Reversing a Chart  Finding the Date, Time, and Place When Not Given  
Software Recipes Table of Contents 
Contributor: Rick Hutchison
EMail Address: hutch.56gemini@juno.com
Software Recipe Title: Reversing a Chart  Finding the Date, Time, and Place When Not Given
Software Requirements: any Halloran Software calculation program
This article will show you how to deduce
the date, time and place that a chart was calculated for when the data
is not given; in other words when all you have is a chart. A worked
example using the author's natal chart positions will be given. This
process appears to be lengthy and time consuming, but it can easily be
done in a few minutes! It is much harder to explain all this than it
is to actually do it.
This article is intended only as a brief introduction to this topic. The example given involves the tropical zodiac, geocentric planetary positions for a Gregorian Calendar date in the 20th Century, and the Koch house system. Tools required: Halloran Software's Astrology For Windows, AstrolDeluxe, or AstrolDeluxe Report Writer
A midnight ephemeris.
A calculator with trigonometry
functions. (But no knowledge of trig is required!)
A map (with latitude and longitude
lines) of whatever area the chart is calculated for.
A geographic data source such as THE
AMERICAN ATLAS or THE INTERNATIONAL ATLAS or the software version ACS
PC ATLAS which is now included with Halloran Software's AstrolDeluxe
Report Writer.
A table of houses.
SYMBOLS USED MEANING
UT Universal Time
LST Local Sidereal Time
GST Greenwich Sidereal Time
RAMC Right Ascension of the MC
Obliquity Obliquity of the Ecliptic
MC Midheaven
ASC Ascendant
RA Right Ascension
ET Ephemeris Time
h Hours of time
m Minutes of time
s Seconds of time
º Degrees
' Minutes of arc
" Seconds of arc
0h Midnight
12h Noon
A QUICK OVERVIEW OF HOW IT IS DONE  The outer planets are used to find the year, the Sun points to the month and day, the Moon yields the Universal Time, the MC reveals the geographic longitude, and the Ascendant gives the geographic latitude. Then a map and a geographic data source such as THE AMERICAN ATLAS is used to find what city or town is located at the coordinates that have been uncovered. The example given here will involve planet and cusp positions given to the nearest minute of arc. Charts with planet positions and house cusps given with degrees only (no minutes) are beyond the scope of this article. It will be assumed here that the house system of the chart is one that the MC is the cusp of the tenth house and the ASC is the cusp of the first house. This would include Alcabitius, Campanus, Koch, Placidus, Porphyry, Regiomontanus, and Topocentric. This method will work with other house systems if the MC and Ascendant are indicated. House systems such as Equal (if the MC is not given), or Morinus (if the MC and ASC are not given) are beyond the scope of this article. It will be assumed here that the software used to calculate the Author's chart positions is not known. DATA FROM THE AUTHOR'S NATAL CHART FROM SWISS EPHEMERIS SUN 27 GEMINI 23 URANUS 00 LEO 27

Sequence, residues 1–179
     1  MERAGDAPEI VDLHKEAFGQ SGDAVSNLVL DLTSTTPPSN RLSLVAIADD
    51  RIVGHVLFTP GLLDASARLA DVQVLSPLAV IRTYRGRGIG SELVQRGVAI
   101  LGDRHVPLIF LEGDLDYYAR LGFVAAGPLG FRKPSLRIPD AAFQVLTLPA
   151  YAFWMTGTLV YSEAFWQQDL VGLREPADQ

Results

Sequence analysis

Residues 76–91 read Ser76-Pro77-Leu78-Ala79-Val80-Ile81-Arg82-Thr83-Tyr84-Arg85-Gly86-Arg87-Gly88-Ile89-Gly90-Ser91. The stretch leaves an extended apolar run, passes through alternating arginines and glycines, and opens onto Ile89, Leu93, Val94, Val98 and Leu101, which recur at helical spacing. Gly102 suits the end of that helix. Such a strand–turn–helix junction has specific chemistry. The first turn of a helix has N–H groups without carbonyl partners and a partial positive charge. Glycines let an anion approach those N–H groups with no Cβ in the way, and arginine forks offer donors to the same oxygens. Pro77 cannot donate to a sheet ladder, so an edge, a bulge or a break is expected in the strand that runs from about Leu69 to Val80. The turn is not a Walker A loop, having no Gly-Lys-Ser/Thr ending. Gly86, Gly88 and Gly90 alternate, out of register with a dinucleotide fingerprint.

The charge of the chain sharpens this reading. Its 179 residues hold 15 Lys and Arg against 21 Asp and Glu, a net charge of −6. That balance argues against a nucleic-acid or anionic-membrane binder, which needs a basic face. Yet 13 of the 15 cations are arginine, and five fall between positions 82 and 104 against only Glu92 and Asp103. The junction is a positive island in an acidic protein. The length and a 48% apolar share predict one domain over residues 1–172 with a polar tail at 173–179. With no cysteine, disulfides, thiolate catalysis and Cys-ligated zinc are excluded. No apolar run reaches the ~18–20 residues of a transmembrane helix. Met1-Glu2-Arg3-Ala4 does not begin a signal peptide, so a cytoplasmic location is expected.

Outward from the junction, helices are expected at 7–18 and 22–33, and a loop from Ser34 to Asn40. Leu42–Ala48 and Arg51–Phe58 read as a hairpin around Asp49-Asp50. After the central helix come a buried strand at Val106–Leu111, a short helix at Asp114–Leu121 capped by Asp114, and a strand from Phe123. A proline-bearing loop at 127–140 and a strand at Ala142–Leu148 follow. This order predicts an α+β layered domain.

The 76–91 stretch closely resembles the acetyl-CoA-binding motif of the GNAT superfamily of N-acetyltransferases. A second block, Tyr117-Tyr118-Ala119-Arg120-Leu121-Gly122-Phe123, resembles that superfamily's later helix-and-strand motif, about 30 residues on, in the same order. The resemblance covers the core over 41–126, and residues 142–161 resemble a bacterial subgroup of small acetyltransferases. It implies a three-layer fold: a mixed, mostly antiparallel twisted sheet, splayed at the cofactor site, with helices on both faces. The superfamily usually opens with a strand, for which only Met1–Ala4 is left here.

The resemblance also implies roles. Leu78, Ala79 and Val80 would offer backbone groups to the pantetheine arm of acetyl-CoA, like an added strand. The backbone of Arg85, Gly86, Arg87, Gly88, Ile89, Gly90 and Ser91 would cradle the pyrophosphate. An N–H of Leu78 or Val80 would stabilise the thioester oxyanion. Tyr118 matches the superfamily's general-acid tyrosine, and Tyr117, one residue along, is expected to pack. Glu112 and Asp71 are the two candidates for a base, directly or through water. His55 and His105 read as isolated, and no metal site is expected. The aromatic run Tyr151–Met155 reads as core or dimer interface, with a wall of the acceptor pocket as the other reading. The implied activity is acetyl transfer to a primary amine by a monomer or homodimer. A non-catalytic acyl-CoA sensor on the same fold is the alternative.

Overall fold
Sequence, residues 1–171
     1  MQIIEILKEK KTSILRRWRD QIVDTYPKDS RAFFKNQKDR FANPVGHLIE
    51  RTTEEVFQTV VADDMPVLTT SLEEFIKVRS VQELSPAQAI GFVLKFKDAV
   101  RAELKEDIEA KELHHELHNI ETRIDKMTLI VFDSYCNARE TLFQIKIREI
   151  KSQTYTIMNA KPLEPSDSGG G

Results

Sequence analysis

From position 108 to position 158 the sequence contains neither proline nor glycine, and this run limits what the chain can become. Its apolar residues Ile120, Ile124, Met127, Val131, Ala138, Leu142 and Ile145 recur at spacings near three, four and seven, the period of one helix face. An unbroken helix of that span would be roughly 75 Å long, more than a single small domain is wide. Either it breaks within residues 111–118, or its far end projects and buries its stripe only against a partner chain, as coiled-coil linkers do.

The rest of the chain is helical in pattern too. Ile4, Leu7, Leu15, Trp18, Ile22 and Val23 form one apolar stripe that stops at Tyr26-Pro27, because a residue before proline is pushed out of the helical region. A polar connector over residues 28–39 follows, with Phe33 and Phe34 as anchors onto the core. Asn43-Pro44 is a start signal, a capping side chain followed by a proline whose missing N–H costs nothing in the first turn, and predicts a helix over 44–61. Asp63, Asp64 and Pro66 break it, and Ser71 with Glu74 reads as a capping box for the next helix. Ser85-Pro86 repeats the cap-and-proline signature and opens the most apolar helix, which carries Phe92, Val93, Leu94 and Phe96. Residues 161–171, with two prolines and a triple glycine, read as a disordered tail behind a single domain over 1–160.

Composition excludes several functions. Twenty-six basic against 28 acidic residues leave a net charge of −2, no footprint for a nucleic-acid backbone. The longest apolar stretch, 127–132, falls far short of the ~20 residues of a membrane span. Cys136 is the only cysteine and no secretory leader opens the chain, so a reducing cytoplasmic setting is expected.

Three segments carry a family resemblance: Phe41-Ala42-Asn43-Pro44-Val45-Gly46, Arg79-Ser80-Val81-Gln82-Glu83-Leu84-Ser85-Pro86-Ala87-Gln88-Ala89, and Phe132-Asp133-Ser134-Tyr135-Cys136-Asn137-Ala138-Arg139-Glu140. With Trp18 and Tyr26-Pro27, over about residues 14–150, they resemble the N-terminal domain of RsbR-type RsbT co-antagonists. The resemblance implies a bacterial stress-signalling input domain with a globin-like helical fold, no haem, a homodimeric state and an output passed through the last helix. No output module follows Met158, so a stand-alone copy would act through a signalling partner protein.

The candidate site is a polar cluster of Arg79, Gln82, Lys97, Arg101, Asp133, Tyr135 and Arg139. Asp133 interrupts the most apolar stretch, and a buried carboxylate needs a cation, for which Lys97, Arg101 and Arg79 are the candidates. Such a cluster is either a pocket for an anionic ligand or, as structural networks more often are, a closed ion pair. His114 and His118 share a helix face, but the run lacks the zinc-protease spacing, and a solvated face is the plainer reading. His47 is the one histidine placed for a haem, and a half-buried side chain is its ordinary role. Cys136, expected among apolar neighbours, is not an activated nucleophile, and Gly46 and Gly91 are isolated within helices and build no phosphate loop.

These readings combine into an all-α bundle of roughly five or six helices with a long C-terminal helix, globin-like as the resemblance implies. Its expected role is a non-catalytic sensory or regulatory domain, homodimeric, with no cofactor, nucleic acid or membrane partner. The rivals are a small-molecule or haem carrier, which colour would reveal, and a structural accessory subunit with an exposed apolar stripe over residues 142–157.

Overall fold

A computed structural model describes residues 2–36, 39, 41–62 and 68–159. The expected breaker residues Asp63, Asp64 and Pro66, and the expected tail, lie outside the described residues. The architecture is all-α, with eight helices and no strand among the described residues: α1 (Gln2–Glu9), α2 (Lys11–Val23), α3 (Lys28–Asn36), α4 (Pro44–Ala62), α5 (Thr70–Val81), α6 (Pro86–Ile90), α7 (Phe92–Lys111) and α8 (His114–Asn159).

MOON 06 SCORPIO 05 NEPTUNE 27
LIBRA 45 Rx
MERCURY 05 GEMINI 00 PLUTO 26 LEO 31
VENUS 03 CANCER 00 Rx NODE 08 GEMINI
07
MARS 08 PISCES 08 MC 21 GEMINI 29
JUPITER 26 LEO 46 ASCENDANT 22
VIRGO 37
SATURN 27 SCORPIO 30 Rx
House Cusp II 22 LIBRA 07
House Cusp III 21 SCORPIO 17
House Cusp V 24 CAPRICORN 00
House Cusp VI 23 AQUARIUS 18
WORKED EXAMPLE USING THE ABOVE DATA STEP 1: FINDING THE YEAR, MONTH, AND DAY From the Sun's position at 27 Gemini 23 it is obvious that the chart is calculated for a day in June. Looking only at the position of Pluto, flip quickly through the ephemeris to find when it was around 26+ Leo, then find the year that it was at 26 Leo 31 on the same day the Sun was at 27+ Gemini. This can be done in seconds. Next be sure that all the other planet positions in the chart occurred on that day. This will insure that the chart was calculated for this day and not some other in the past or future. Even a 10,000 year ephemeris does not contain two instants where all planet positions match exactly. From the ephemeris it is evident that the chart date is 1956 June 18, according to Universal Time. What time zone was actually used in calculating the Chart and whether Daylight Saving Time was observed or not is irrelevant. Universal Time will be used until the final step when the location is known and the time is converted to that in use at that time and place. The ephemeris used by the author gives the planet positions for each day at 0h Universal Time (for the purposes of this article the same as GMT). An ephemeris calculated for Ephemeris Time (ET) may also be used, and it makes no difference whether the positions listed are true or apparent. The 24 hour clock will be used here instead of A.M. and P.M. STEP 2: FINDING THE UNIVERSAL TIME The key to deducing the Universal Time that a chart is calculated for is the position of the Moon. The Moon's motion varies from about 11º 48' to 15º 14' per day. From this it is evident that the Moon takes roughly between 1m 34s and 2m 02s of clock time to move one minute of arc. Usually the Moon's position in a chart will be rounded to the nearest minute of arc, allowing the time to be found within 3 minutes in the worst case when dealing with 20th Century charts calculated with any reasonably accurate software. NOTE: The vast majority of charts give the geocentric (as seen from the center of the Earth) Moon position. The slight possibility exists that the topocentric (as seen from the location on the surface of the earth that the chart is calculated for) position may be given. The topocentric Moon is also referred to as the "Parallax Corrected Moon". The difference between the geocentric and topocentric Moon can be as much as one degree. The seldom used topocentric positions are beyond the scope of this article and here it will be assumed that the Moon's position is geocentric. The method used to find the time for which a chart is calculated is the same as that used to find the time of a Lunar Return. First find the Moon position in the ephemeris before the Chart Moon and the Moon position following that of the Chart. Moon position before chart Moon 1956 June 18 12h 03 SCORPIO 40' 33"